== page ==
Court rules it’s acceptable for a woman to have her identity confirmed by “stripping her to find a tattoo on her buttocks”.

A Montreal woman who was ordered to strip by border agents looking for a pink  tattoo has lost her legal bid for compensation — and hope for changes to vetting  procedures.

It’s the latest, and possibly final, twist in Sylvie Ménard’s three-year  fight.

In a recent judgment, the Quebec Superior Court dismissed  her challenge, saying authorities had reasonable justification to act as they  did.

The saga began in the night of April 11-12, 2009 when Ménard, who had never  run afoul of the law, flew home from a Mexico vacation to an unsettling  encounter at Pierre Elliott Trudeau International Airport.

After being questioned by airport customs personnel she was pulled aside. Her  luggage was tested for drug residue and her name put through a computer. A  border officer read out Ménard’s rights, handcuffed her and placed her in a  cell.

The computer said her name matched that of a suspected criminal with the same  birth date, and police were called.

Things got worse for the “really stressed” woman when a female border officer  asked her to disrobe to see if she had a pink tattoo on her buttocks. The  officer would later check again to see if an inky design — apparently a  distinguishing mark of her wanted namesake — had been erased with a laser.

A subsequent police check of photographic records revealed that the actual  suspect looked rather different.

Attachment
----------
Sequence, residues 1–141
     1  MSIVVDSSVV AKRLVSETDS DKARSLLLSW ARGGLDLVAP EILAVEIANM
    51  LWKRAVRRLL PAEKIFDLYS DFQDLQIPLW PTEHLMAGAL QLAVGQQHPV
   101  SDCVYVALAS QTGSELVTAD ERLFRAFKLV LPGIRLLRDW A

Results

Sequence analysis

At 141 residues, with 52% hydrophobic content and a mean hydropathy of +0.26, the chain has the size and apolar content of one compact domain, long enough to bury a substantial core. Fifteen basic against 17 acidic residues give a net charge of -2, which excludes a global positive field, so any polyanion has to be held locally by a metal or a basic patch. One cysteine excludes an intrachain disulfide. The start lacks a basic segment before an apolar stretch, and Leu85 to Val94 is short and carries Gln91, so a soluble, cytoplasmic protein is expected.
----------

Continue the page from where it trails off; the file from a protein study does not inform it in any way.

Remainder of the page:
A shaken Ménard felt there must be an easier way to carry out an identity  check, given that she was carrying a passport, driver’s licence and health card.  She filed complaints with the police watchdog and the border agency, and ended  up taking her case to the Quebec courts.

In her April ruling, Justice Chantal Masse said while frustration over the  inability to instantaneously check photos was understandable, it was an issue  beyond the purview of the courts.

As a result, the same sort of mistaken identity cases are likely to occur for  other travellers and possibly even herself, Ménard said in an interview.

“I was hoping that maybe I can create a change, but that was not  happening.”

She still travels abroad three or four times a year, and carries a 2009 news  clipping about her case in case she runs into the same sort of problems at the  border.

Ménard is looking for a more permanent solution “to avoid the situation again  in the future.”

She doesn’t plan to appeal the court ruling. “I don’t have the money. I can’t  go further.”

A spokesman for the Canada Border Services Agency told The Canadian Press  shortly after the original incident that he could not discuss the case, but said  false matches occur and such checks are necessary.

“We can’t let someone enter the country unless we’re absolutely certain about  their identity.”

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